Benjamin Moore paint.

Jul 29, 2018
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Huddersfield. UK.
United Kingdom

I've mentioned how good American Benjamin Moore paint is previously but it's worth mentioning again and this time I can add an old picture of previous paint failure for comparison.

Above is the Benjamin Moore paint I use on exterior woodwork; Aura Exterior Satin here on sale through Shaw's at an eye watering £91 for 1 x US gallon.

I used five and a half gallons whilst giving our bungalow a comprehensive makeover in 2016. I had always wanted the paint Americans used on their clapboard (siding) houses which appeared to withstand all kinds of extreme climate but the paint wasn't at the time available here in the UK. I was overjoyed when I found Shaw's had started to sell Benjamin Moore paint here in the UK and immediately contacted Shaws having found the colours we wanted after browsing many American houses online; I emailed the chosen house image to Shaw's who kindly matched the colours and we bought the paint. Shaw's are brilliant to deal with; my wife and I have absolutely no objections to recommending Shaw's. The paint is very expensive but actually is the cheapest long term due to its longevity in service.

Blown paint front window..JPG

Here is a close up picture of the front bedroom bottom window glass wooden beading; for almost 30 years I struggled yearly to get paint to protect this beading always failing and absolutely fed up of the annual fight; I tried soft and hardwood beading; I tried all kinds of paint I could get hold of; I even tried engine manifold paint; I tried a layer of filler smoothing this out; oil based paints just curled up and died as seen in the picture; this is Johnstone's oil based gloss; Johnstone's oil based gloss is excellent paint and I used a lot of it with success but every paint I tried on this particular bead failed within a year of application. This window is subjected to extremes of weather; ice in winter blistering sun during our two day long summer's; often under water it drove me mad with frustration.

Benjamin Moore_0001.JPG

I've just popped out and taken this picture of the same window but the beading was painted using Benjamin Moore paint in 2016; it's withstood four years to date and as seen it still looks new. The cladding is actually an 8' x 4' WBP plywood sheet at 18mm thick routed to look like cladding; this too was painted using Benjamin Moore paint four years ago; I add the plywood was fully painted to both faces and all four edges before installation; we don't half catch the weather here on the steep valley side where the bungalow front is fully exposed many times to wind driven horizontal heavy rain; what a surprise; heavy rain is forecast AGAIN for today.

This paint is incredibly easy to apply; I spent a great deal of time on preparation as I always do; I removed all the plastic rainwater guttering and downpipes etc allowing full access to fascia boards. This paint dries rapidly in fact no sooner has it been applied it's dry enough not to be troubled by rain; I know because after an heavy painting session down came the rain just as I finished; this really did annoy because it happens so frequently; it never rains whilst primer or undercoat is applied but as soon as the top coat goes on the rain just can't resist upsetting me; I was amazed to see the paint unaffected in the least and this really did cheer me up.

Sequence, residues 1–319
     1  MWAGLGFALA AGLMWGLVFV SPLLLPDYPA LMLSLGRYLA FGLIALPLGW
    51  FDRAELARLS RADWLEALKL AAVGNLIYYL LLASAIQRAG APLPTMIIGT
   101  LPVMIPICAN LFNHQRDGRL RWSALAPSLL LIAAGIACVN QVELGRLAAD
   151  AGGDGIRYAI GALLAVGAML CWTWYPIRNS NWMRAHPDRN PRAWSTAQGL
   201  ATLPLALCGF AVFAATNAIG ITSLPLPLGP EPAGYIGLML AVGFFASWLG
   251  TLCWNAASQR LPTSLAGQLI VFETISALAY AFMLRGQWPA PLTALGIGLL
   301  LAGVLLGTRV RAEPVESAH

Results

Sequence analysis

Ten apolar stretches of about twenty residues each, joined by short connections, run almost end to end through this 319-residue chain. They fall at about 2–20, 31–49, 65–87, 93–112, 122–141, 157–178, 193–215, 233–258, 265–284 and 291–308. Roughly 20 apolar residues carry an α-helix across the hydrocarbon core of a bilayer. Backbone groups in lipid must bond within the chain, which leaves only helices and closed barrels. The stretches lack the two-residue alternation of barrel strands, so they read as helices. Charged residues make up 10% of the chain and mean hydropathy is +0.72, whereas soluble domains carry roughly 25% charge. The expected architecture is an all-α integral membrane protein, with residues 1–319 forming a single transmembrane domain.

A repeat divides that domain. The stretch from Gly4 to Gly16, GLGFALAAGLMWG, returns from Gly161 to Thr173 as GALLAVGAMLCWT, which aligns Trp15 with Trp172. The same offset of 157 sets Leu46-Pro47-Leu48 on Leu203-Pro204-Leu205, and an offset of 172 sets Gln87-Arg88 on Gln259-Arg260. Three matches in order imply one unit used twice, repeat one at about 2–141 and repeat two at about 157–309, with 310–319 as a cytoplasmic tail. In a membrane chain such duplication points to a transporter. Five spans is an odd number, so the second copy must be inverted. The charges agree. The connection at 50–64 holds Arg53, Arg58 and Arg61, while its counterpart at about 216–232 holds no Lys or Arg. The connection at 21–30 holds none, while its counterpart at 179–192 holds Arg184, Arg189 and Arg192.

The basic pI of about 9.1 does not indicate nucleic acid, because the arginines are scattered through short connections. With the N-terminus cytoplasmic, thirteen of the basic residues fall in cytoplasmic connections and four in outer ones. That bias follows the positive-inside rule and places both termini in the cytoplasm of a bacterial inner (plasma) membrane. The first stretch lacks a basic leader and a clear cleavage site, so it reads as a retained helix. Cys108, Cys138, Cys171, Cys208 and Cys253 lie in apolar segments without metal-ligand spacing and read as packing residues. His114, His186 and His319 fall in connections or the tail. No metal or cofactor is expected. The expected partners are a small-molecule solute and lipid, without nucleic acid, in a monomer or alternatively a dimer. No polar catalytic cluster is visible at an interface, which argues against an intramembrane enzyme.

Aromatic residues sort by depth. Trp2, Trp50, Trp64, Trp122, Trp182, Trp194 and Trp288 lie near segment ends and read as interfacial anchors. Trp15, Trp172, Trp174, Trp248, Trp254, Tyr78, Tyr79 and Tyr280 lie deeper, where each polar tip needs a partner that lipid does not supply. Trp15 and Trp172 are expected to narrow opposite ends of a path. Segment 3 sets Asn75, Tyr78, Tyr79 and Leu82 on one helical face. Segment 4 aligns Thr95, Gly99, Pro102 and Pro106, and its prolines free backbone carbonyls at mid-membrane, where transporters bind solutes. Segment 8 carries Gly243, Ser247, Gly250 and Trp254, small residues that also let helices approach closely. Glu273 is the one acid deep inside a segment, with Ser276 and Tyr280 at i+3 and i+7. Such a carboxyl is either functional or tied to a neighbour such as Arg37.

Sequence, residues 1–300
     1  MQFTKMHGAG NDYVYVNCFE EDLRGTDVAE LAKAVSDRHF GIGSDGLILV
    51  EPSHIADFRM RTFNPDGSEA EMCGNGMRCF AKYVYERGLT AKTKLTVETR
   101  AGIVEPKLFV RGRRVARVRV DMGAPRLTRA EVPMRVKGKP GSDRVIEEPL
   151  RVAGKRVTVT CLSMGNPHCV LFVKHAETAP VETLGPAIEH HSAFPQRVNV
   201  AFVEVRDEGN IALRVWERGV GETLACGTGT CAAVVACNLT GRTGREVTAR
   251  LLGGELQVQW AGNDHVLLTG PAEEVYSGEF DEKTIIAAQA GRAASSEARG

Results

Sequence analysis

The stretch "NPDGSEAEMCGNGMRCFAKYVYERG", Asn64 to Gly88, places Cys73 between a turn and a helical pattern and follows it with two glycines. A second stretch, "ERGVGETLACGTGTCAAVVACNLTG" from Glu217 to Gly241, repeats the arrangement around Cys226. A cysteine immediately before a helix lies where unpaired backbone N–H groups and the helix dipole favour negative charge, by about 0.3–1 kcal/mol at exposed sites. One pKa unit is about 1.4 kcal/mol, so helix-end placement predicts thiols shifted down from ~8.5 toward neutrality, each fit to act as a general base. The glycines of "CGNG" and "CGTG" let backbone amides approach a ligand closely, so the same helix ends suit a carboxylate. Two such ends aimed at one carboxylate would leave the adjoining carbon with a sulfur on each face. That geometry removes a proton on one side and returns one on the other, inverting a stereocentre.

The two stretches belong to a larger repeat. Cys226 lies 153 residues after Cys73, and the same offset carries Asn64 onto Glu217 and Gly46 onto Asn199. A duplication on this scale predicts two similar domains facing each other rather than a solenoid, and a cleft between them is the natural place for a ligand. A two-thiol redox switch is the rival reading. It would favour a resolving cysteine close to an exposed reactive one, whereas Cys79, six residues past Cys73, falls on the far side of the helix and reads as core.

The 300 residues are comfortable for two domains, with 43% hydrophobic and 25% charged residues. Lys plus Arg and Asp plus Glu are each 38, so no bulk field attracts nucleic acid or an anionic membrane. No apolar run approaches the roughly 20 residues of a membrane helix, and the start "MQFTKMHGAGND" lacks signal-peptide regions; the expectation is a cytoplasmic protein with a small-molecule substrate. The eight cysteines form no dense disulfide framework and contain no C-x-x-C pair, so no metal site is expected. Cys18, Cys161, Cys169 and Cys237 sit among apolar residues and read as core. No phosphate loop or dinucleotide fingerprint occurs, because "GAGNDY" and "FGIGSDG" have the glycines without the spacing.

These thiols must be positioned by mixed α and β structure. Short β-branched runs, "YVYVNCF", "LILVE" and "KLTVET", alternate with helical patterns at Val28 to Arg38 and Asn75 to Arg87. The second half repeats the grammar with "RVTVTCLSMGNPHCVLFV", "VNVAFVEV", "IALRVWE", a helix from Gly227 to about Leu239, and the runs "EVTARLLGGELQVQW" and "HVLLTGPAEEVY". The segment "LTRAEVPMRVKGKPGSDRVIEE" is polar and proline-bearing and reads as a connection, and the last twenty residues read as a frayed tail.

I wasn't after the usual high gloss obtained with oil based paint; this time I used a combination of synthetic paint brush and roller; the roller speeded the job up no end and I enjoyed doing this makeover.

Having spent so much on paint I splashed out and bought a Wooster Pelican paint kettle these now sold in the UK at Screwfix and I also bought a dozen kettle disposable liners. These kettles are amazing quickly allowing swapping between brush and roller; the roller hooks over the lip of the kettle the brush is held inside the kettle by a magnet; touching in edges with the brush then rolling was very quick indeed especially along the fascia boards and the cladding.

Above link is where I bought my Wooster plus roller. Out of interest on another job I had a lot of narrow borders to paint which would have been very tedious using a brush; I spent ages looking for short rollers and to my delight found these which were perfect;

These are also available as the lambswool type; I bought a good supply of both together with correct handle.

I'm not a professional painter and decorator but I've got many years experience and I'm just passing on where I am at the moment in my endeavours fighting our dire climate. I never bodge or skimp on materials doing my very best at all times; our softwood window frames are now about 56 years old and original still in perfect condition. Why spend forever on preparation only to slap on the cheapest paint which falls off at the next shower? Pay for best quality paint and cry but it's worth it long term. What a difference between both pictures of the beading.

It's another miserable dark morning hence I'm playing at being a keyboard warrior.

Time now for a mug of tea; I've rambled on long enough.

Kind regards, Colin.


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